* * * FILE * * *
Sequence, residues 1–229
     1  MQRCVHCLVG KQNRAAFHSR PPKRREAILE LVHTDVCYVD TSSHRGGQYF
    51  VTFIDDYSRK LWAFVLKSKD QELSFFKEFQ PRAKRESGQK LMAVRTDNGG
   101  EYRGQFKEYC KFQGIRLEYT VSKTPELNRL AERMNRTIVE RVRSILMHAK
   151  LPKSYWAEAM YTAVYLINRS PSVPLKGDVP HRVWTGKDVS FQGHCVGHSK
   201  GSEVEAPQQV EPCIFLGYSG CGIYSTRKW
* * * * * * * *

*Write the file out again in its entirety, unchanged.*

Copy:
Sequence, residues 1–229
     1  MQRCVHCLVG KQNRAAFHSR PPKRREAILE LVHTDVCYVD TSSHRGGQYF
    51  VTFIDDYSRK LWAFVLKSKD QELSFFKEFQ PRAKRESGQK LMAVRTDNGG
   101  EYRGQFKEYC KFQGIRLEYT VSKTPELNRL AERMNRTIVE RVRSILMHAK
   151  LPKSYWAEAM YTAVYLINRS PSVPLKGDVP HRVWTGKDVS FQGHCVGHSK
   201  GSEVEAPQQV EPCIFLGYSG CGIYSTRKW